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The Urbane Indian - Drew Hayden Taylor

  • Unsportsmanlike names and the time for change

    Posted by Drew Hayden Taylor at Friday, October 28th, 2016 1:15pm

    Indigenous activist and world-renowned architect Douglas Cardinal lost his bid in Ontario Superior Court to stop the Cleveland Indians baseball team from using its “racist name” and Chief Wahoo mascot logo during the American League Championship Series games played in Toronto against the Blue Jays. This was just the latest salvo in an ongoing battle against what many consider to be the politically incorrect names of numerous professional sports teams. But in this age of equity, diversity and inclusion, it’s becoming more and more difficult to understand what is socially acceptable when referring to Aboriginal people, sports and other complex issues.

  • Cuba plays the tourists with a topless fantasy Indigenous ritual

    Posted by Drew Hayden Taylor at Thursday, June 16th, 2016 12:00am

    Most would consider a trip to a Cuban resort to be one of pleasant distractions; warm sand, rum and a rather shallow excursion into another culture. It seemed obvious to us that in the months ahead, more and more Americans would be flooding the beaches and gradually Kardashianizing the whole island. It’s not exactly the place one would expect to experience a slight, if not annoying, artistic and existential crisis of Aboriginal proportions.

  • The shame of skirt shaming - June 2016

    Posted by Drew Hayden Taylor at Wednesday, June 1st, 2016 12:00am

    Not long ago my partner was attending an Aboriginal healing function when she found out there was going to be a women’s ceremony included, one that she had not been told about in advance.... Her immediate first thought dealt with the fact she hadn’t brought along the proper attire, specifically a long skirt that fell to her ankles.  It is usually what is worn by women to take part in such spiritual ceremonies

  • Ask not for whom the drum beats, it beats for thee - May 2016

    Posted by Drew Hayden Taylor at Monday, May 2nd, 2016 12:00am

    The northern Ontario community of Attawapiskat is only too familiar with tragedy—flooding, chronic housing shortages, government disregard, flagrant misspelling of its name... It would be enough to break their hearts, if their hearts weren’t so strong. Next to follow, was a barrage of the unsympathetic questions that usually follow any of these calamities, usually asked by puzzled southern non-Native individuals or, as we like to call them in this politically correct age, people of pallor. Why don’t you just move?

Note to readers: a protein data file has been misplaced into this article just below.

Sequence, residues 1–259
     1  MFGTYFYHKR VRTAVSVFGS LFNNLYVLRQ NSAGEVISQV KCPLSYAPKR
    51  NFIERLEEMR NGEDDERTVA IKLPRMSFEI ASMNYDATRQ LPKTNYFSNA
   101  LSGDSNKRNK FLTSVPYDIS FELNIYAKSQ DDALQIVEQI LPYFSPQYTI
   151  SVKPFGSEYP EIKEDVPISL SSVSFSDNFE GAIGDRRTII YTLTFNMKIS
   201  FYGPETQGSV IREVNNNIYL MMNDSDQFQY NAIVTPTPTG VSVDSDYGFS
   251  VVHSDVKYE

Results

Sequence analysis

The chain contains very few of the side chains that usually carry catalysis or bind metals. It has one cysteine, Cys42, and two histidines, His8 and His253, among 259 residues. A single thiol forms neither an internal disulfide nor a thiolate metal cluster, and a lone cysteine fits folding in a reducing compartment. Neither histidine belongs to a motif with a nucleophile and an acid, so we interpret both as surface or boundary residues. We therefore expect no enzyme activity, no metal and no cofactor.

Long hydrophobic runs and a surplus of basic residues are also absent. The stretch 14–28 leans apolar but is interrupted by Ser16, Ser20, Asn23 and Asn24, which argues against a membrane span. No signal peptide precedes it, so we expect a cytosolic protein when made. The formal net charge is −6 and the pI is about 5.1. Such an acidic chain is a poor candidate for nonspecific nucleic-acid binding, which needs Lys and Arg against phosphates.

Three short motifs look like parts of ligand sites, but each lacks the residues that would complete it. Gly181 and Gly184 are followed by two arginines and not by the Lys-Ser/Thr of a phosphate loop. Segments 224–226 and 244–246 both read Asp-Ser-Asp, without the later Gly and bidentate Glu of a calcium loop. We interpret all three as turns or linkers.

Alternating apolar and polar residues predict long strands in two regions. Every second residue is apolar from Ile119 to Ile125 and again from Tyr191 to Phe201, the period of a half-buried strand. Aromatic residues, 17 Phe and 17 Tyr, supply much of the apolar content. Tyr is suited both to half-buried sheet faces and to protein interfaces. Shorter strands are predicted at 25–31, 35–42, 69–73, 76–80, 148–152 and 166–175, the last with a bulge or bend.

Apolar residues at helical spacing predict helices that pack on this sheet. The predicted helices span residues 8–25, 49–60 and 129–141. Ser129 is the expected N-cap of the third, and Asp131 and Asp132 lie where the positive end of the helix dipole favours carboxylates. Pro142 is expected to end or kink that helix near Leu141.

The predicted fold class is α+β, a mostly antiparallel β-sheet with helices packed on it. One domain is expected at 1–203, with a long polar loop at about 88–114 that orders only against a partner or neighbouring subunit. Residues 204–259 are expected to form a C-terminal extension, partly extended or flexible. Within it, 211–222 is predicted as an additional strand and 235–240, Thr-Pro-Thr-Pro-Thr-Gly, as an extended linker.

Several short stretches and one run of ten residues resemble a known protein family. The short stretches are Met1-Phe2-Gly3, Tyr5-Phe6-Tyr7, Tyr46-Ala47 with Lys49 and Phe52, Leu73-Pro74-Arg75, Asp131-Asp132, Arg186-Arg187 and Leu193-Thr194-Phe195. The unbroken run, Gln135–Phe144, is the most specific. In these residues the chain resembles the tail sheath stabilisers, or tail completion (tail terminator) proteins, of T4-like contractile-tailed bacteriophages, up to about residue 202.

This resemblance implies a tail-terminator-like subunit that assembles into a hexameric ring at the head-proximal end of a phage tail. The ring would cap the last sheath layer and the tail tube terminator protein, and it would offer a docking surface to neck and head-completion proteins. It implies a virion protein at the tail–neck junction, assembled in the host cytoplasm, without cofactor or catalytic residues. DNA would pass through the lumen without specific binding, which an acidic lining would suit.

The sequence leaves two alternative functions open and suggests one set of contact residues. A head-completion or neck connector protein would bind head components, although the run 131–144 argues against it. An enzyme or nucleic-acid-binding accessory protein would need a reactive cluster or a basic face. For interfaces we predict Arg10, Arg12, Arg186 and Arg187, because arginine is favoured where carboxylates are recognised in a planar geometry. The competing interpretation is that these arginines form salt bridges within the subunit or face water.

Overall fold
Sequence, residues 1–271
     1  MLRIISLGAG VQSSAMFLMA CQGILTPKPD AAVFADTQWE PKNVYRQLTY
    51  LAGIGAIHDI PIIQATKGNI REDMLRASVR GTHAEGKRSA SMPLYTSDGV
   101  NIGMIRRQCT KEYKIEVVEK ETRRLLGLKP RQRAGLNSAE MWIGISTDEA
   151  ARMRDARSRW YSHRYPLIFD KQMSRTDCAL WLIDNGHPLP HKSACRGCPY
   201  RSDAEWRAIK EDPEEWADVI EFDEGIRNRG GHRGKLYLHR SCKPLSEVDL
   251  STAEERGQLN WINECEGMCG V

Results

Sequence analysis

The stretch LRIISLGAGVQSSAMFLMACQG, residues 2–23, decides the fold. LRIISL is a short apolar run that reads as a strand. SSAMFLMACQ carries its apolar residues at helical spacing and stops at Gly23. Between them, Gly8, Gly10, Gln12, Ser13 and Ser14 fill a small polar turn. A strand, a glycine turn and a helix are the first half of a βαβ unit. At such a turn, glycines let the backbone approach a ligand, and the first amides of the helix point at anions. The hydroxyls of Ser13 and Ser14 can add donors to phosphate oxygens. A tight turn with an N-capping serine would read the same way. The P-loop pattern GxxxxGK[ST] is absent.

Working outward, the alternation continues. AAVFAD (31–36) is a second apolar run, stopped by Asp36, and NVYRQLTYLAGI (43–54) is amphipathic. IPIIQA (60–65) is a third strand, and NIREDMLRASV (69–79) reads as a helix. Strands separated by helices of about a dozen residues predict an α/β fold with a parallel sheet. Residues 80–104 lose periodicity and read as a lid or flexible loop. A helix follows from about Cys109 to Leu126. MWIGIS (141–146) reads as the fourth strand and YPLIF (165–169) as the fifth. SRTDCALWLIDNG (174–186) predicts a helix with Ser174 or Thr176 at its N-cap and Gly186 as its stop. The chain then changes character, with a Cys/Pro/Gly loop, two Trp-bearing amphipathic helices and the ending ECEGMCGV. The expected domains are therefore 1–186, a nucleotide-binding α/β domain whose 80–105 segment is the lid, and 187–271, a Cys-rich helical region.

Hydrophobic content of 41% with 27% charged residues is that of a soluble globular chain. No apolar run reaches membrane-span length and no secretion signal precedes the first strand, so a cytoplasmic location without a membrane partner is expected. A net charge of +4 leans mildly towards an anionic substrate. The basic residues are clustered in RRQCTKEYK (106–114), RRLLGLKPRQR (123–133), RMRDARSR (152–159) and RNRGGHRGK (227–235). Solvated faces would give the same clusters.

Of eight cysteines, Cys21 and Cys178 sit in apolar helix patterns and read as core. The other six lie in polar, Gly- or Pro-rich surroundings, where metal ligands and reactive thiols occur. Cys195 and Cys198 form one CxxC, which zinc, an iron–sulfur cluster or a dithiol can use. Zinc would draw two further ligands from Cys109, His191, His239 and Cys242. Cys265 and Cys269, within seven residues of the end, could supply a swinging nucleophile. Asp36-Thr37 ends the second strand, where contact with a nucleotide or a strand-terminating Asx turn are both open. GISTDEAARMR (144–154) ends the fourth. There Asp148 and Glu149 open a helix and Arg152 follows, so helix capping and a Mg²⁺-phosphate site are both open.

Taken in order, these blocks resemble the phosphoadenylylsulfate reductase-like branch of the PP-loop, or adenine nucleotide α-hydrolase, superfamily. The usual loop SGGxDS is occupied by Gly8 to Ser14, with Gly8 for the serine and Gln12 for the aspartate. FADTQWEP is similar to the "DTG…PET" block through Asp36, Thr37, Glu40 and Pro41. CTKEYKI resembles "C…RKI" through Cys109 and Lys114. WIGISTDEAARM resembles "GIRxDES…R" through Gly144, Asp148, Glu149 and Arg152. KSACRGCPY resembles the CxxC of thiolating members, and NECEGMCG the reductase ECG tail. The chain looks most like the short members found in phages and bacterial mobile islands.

• Cottagers, Indians and an evasive species - November 2015

    Posted by Drew Hayden Taylor at Sunday, November 1st, 2015 12:00am

    A little over 50 kilometres north of Peterborough, Ont., a tempest is brewing involving people who have spent huge amounts of money to buy or build a cottage on the shores of Pigeon Lake in the last couple of decades, and an Indigenous form of grain harvested by First Nations people for thousands of years.  It’s a battle of aesthetics and culture, property values and subsistence, of Muskoka chairs and an Indigenous pilaf. At the heart of this issue is a fundamentally differing perspective on what is important on a cultural level. 

  • Seeking the aboriginal experience in Germany - October 2015

    Posted by Drew Hayden Taylor at Thursday, October 1st, 2015 12:00am

    It’s not often you will find approximately 4,000 people showing up to see a play about a fictional Native character written by a 19th century German writer named Karl May, who reportedly had never been to North America.  But there they, and I, were in late July, nestled in a humongous amphitheatre that had once been a large quarry. In fact, at this very performance of the play “Im Tal Des Todes,” which translates as “The Valley of Death” or, more accurately, “Death Valley”, one of the producers took center stage to announce to the crowd the production we were about to see had just welcomed its 100,000th patron. Not bad for a play that had been running for about four weeks. 

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